“And it’s only looking to increase as we head into the later part of the week and the weekend,” said Cameron Pine, a National Weather Service meteorologist.
The region has also seen 38 consecutive days with a heat index threshold of 100 degrees Fahrenheit (38 Celsius), and sea surface temperatures are reported to be several degrees warmer than normal. Said Pine, “there really is no immediate relief in sight.”
A 71-year-old Los Angeles-area man died at a trailhead in Death Valley National Park in eastern California on Tuesday afternoon as temperatures reached 121 degrees (49 Celsius) or higher and rangers suspect heat was a factor, the National Park Service said in a statement Wednesday.
The man collapsed outside a restroom at Golden Canyon and other visitors called 911 but rangers were unable to save him despite using CPR and a defibrillator. Park officials believe the man had been hiking.
The official temperature at Furnace Creek was 121 degrees (49-plus Celsius) but temperatures in the canyon were likely higher, the statement said. It is possibly the second heat-related fatality in Death Valley this summer. A 65-year-old man was found dead in a car on July 3.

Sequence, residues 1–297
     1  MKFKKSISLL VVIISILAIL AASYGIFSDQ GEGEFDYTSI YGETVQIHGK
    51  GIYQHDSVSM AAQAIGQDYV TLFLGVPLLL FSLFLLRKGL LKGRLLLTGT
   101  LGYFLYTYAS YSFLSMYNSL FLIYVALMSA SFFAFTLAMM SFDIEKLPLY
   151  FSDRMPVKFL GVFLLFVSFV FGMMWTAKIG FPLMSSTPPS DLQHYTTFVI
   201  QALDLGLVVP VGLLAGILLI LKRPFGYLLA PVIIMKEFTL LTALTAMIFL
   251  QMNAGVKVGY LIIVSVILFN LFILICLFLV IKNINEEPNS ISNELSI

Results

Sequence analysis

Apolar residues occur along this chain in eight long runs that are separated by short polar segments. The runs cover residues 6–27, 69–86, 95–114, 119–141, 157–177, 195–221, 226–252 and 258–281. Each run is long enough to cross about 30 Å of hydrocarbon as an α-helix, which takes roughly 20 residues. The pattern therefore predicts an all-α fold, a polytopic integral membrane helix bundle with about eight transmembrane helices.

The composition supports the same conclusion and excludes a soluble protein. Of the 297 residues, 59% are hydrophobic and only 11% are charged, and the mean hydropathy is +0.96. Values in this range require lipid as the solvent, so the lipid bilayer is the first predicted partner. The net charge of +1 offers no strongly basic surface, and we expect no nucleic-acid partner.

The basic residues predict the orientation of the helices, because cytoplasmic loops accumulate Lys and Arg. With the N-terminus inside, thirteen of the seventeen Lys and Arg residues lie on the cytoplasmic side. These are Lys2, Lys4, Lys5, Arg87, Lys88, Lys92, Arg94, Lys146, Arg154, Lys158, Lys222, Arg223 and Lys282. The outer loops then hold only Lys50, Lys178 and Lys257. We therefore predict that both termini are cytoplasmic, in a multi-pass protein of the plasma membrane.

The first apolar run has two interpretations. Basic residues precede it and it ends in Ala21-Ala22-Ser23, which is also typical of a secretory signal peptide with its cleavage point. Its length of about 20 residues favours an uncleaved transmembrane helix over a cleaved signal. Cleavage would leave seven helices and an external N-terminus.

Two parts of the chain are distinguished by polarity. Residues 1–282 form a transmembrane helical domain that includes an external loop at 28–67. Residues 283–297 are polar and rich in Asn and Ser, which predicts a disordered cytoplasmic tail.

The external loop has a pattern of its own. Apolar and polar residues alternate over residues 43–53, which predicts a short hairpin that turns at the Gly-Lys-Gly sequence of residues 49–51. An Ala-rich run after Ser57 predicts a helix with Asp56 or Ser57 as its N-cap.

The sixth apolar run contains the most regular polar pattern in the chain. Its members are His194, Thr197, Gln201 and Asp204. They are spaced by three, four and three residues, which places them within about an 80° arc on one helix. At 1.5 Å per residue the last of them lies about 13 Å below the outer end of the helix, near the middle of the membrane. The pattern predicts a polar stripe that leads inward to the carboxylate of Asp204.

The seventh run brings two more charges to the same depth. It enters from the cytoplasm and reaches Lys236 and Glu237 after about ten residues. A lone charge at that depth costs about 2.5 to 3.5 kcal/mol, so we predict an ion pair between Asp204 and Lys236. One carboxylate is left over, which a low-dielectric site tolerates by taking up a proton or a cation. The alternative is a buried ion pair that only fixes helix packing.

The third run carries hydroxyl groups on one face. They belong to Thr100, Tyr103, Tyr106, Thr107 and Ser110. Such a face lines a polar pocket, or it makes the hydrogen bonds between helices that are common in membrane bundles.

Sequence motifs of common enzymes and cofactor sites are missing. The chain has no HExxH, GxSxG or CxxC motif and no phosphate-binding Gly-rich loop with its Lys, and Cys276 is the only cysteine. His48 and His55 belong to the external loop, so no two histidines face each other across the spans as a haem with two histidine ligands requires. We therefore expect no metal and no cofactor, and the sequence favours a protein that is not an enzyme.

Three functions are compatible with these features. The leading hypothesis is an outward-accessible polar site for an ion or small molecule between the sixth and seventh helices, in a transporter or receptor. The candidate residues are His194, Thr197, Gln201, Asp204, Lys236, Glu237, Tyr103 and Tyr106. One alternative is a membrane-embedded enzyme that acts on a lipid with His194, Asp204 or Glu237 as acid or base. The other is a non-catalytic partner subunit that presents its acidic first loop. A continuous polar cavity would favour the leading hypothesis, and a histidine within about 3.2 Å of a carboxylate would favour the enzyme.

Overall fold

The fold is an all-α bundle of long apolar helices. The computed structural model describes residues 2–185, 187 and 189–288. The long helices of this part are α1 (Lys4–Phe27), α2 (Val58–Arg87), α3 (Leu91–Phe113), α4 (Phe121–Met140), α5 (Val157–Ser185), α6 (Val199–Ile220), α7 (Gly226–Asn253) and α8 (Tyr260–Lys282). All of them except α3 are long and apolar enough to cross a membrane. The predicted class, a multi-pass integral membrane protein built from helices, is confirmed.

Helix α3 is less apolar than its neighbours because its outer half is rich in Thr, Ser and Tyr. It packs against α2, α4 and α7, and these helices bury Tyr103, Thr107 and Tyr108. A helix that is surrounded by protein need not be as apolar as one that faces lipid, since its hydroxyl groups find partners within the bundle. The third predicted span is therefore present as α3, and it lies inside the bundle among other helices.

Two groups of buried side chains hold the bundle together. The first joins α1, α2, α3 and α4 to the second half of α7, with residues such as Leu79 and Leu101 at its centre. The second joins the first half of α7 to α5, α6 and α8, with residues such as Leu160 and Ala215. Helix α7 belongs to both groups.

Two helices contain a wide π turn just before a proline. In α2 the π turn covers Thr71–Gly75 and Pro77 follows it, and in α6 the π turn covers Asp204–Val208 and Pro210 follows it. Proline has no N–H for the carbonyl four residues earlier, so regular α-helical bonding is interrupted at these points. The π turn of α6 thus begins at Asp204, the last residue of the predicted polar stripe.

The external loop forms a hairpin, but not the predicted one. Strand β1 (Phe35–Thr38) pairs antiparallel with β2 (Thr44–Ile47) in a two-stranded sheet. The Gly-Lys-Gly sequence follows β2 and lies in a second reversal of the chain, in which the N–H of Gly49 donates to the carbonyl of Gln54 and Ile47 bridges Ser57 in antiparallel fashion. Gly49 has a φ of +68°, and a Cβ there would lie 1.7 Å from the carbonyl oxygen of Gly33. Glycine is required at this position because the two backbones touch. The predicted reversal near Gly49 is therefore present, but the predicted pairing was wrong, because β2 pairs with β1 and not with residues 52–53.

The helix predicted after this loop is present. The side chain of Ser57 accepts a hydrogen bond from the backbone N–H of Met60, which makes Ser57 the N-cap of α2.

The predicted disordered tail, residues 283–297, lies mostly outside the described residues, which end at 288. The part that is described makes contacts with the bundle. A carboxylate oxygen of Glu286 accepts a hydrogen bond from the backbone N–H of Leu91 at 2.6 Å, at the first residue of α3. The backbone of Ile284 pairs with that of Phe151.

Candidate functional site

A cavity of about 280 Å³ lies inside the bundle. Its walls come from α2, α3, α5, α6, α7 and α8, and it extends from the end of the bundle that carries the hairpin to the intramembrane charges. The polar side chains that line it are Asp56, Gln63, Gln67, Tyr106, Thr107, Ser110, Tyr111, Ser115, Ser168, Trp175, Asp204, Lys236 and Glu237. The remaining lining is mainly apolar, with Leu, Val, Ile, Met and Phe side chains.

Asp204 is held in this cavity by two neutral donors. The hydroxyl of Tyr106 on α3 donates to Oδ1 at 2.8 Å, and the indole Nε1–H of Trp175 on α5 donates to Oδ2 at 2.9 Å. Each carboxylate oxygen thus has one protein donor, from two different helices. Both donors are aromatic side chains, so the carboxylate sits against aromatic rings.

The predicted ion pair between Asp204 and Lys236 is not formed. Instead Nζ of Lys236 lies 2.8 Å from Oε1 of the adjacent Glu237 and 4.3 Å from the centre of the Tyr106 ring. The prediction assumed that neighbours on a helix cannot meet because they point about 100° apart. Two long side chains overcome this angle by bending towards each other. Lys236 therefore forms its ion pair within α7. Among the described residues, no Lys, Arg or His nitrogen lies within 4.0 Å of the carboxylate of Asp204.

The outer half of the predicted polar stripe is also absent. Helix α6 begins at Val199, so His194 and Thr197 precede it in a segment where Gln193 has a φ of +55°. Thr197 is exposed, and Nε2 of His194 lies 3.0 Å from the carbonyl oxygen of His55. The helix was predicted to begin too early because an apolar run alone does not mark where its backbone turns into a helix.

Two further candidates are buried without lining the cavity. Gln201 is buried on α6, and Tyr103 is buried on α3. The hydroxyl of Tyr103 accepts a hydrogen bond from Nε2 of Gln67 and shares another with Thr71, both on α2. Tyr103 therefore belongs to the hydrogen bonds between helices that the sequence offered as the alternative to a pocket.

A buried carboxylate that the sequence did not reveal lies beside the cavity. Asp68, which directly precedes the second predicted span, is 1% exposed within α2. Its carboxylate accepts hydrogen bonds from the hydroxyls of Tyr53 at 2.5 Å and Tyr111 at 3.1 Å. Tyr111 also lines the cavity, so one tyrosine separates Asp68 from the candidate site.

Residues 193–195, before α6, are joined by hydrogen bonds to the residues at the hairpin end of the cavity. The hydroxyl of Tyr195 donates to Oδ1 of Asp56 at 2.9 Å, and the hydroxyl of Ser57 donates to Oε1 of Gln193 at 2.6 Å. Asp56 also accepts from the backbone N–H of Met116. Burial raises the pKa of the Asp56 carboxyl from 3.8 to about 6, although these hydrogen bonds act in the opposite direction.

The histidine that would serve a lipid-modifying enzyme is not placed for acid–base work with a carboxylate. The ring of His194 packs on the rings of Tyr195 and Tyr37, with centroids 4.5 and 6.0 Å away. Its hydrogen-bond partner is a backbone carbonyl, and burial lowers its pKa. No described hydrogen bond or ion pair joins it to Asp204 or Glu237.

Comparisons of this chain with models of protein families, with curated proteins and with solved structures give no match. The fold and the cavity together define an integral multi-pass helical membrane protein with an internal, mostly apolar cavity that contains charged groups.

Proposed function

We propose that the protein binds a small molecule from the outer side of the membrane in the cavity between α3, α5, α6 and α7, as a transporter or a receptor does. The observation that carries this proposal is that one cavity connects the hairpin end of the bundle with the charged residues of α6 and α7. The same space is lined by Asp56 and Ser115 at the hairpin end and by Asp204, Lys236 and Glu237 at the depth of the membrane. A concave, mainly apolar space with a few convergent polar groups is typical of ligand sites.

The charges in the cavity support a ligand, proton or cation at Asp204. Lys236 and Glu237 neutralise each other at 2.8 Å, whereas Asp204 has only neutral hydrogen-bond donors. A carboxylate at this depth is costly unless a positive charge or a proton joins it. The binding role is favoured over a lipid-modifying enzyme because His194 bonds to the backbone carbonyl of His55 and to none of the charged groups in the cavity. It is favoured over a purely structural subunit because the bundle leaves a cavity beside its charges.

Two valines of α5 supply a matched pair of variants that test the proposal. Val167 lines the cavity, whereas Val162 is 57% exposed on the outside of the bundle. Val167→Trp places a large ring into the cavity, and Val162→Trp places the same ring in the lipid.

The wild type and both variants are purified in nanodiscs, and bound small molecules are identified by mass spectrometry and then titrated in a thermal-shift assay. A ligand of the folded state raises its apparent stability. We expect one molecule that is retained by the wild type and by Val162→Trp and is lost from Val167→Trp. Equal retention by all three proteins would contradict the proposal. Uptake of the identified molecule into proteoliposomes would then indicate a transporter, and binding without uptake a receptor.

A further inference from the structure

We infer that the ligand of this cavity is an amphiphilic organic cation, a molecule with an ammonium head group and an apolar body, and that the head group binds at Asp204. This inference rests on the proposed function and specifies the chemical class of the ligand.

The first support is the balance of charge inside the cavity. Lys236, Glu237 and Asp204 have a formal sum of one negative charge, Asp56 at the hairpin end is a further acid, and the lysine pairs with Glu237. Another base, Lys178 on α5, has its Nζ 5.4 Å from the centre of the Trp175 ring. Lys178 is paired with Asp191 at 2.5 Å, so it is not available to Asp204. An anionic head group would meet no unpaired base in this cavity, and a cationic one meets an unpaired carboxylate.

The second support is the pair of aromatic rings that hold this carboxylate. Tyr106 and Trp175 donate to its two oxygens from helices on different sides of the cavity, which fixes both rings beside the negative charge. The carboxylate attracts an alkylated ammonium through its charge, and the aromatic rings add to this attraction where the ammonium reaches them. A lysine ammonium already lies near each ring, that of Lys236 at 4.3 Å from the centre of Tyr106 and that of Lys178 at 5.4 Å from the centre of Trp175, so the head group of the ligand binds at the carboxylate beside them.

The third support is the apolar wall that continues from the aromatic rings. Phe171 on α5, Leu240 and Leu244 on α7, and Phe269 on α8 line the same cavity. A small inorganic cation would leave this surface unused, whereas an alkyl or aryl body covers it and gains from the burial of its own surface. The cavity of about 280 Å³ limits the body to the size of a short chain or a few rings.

Human-caused climate change and a newly formed El Nino are combining to shatter heat records worldwide, scientists say.
The entire globe has simmered to record heat both in June and July. Nearly every day this month, the global average temperature has been warmer than the unofficial hottest day recorded before 2023, according to University of Maine’s Climate Reanalyzer. Atmospheric scientists say the global warming responsible for unrelenting heat in the Southwest also is making extreme rainfall a more frequent reality.
In Connecticut, fire officials said, a mother in her 30s and her young daughter were carried downstream and found unconscious after swimming in the rain-swollen Shetucket River in Sprague. The woman died Tuesday and her daughter on Wednesday, state police said.
And in Bucks County, Pennsylvania, searchers are still seeking two young siblings visiting from South Carolina caught in what one fire chief called “a wall of water” that hit their family and killed their mother Saturday. Four others also died in the Pennsylvania flash floods.
Finley reported from Norfolk, Virginia. Associated Press reporters Anita Snow in Phoenix, Freida Frisaro in Miami, JoNel Aleccia in Temecula, California, and Rebecca Reynolds in Louisville, Kentucky, contributed to this story.